Despite the many advantages and benefits of IMI, the technology still remains in its infancy and faces various technical and operational challenges (2,20,21). The majority of the current fluorescence tracers investigated are in the NIR range. The Achilles heel of operating at this wavelength (800–1,000 nm) is that it limits the depth of penetration of the tracer excitation and fluorescence detection (22). Currently, various studies report suboptimal detection of nodules deeper than 10 mm from the pleural surface. Chiba and associates, in this study, attempt to address this significant challenge by implementing a novel ICG fluorescence calibrated spectroscopy device that has tissue penetration deeper than NIR light-source enabled IMI devices. Using calculated and astute preclinical investigative methods, the authors describe ICG fluorescence detection well beyond the current capabilities of ex vivo systems (1). This finding has the potential to expand the patient population that can benefit from IMI assistance during minimally invasive resections.
There are several limitations to this study that should be acknowledged, many of which Chiba and associates do carefully consider in their discussion. First, the implementation and validation of the spectroscopic detection of ICG fluorescence is performed entirely in biological silicone and porcine lung modules. While these platforms allow for the spectrophotophysical assessment of NIR tracers and detection devices, they are only crudely representative of findings in humans. Lungs represent a particularly challenging solid organ system for the study of IMI. The organs in situ are dynamic due to respiratory variation and are routinely anthracotic due to light absorbing carbon deposition (soot), which produces false fluorescence and has higher normal parenchymal uptake of ICG secondary to rich vasculature (21,23). Any claim without investigation in human clinical trials should be interpreted cautiously in the field of IMI, as countless technological discoveries fail to make clinical impact once introduced into humans. Second, for IMI to be successful and clinically impactful, the technology has to be rapidly scalable and intuitive. While the novel device described by Chiba et al. is impressive, it is unclear if the spectroscopic interpretation would be adopted by the wider thoracic surgery community. The technology has to seamlessly integrate into current surgical management, such as VATS and RATS camera systems, and not disturb the clinical momentum of the surgical team (15).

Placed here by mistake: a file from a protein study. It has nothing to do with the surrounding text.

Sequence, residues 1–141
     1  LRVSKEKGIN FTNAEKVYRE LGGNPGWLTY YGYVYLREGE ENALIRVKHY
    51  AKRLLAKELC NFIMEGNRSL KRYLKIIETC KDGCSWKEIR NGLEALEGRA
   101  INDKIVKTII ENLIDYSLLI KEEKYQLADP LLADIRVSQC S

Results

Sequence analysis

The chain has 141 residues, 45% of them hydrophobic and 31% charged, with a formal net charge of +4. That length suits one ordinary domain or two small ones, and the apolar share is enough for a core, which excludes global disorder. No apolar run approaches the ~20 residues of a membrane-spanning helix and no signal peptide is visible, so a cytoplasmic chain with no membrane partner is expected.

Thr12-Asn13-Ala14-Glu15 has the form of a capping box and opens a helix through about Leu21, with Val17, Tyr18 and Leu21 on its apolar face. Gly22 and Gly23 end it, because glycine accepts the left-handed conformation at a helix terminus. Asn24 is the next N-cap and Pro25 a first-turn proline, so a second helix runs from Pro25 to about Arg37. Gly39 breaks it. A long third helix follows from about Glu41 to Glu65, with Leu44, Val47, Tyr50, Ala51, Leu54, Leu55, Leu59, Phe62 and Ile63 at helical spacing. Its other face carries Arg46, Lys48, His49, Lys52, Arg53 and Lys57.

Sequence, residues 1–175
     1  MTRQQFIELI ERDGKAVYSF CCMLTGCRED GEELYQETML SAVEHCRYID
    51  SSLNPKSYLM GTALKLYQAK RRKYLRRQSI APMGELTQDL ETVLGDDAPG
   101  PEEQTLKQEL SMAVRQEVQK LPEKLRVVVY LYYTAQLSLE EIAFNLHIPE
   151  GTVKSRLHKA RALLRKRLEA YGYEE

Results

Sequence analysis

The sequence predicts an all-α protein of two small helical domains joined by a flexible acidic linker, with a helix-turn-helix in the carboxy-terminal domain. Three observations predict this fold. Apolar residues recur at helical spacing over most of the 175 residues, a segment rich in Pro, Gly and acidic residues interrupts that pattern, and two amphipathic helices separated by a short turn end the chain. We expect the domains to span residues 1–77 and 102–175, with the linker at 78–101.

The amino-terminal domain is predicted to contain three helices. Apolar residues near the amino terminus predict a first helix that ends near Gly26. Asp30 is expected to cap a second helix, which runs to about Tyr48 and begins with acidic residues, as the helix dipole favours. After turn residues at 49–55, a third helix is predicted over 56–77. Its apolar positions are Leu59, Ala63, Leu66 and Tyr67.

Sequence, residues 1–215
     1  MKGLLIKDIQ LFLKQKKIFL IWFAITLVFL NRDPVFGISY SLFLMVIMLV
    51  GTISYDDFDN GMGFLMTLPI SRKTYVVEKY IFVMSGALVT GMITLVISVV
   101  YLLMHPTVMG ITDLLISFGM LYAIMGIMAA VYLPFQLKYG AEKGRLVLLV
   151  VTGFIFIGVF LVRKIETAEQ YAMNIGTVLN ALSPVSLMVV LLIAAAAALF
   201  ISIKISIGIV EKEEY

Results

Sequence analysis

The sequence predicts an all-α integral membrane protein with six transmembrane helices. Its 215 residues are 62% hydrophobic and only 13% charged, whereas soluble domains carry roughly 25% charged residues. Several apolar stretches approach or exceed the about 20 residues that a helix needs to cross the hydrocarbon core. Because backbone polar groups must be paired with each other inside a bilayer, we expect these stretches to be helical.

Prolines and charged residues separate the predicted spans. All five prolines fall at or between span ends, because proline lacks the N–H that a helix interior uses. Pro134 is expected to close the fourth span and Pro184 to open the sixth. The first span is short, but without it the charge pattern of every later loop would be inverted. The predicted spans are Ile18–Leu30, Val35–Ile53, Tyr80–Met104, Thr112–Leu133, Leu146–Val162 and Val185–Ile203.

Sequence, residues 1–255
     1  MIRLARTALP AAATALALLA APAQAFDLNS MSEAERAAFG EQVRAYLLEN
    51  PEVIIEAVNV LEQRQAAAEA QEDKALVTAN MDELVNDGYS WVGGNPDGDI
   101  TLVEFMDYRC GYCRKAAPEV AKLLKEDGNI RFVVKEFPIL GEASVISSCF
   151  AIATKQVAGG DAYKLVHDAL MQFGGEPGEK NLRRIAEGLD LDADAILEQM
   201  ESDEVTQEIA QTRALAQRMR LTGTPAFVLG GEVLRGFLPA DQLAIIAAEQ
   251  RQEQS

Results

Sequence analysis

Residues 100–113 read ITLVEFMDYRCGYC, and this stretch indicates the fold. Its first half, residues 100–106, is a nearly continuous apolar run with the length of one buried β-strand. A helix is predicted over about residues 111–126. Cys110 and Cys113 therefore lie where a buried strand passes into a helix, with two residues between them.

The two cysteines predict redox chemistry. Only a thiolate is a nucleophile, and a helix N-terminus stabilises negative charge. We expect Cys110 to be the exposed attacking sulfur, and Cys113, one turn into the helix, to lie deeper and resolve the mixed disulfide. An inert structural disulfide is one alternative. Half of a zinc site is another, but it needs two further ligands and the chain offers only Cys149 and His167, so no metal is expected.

In conclusion, the description and careful experimental curation by Chiba et al. serve an important leap in addressing the current challenges in IMI. Future clinical assessment of their novel spectral systems in early phase trials will surely attempt to answer the limitations outlined in their manuscript.
Provenance and Peer Review: This article was commissioned by the editorial office, Journal of Thoracic Disease. The article did not undergo external peer review.
Conflicts of Interest: All authors have completed the ICMJE uniform disclosure form (available at https://jtd.amegroups.com/article/view/10.21037/jtd-22-1100/coif). The authors have no conflicts of interest to declare.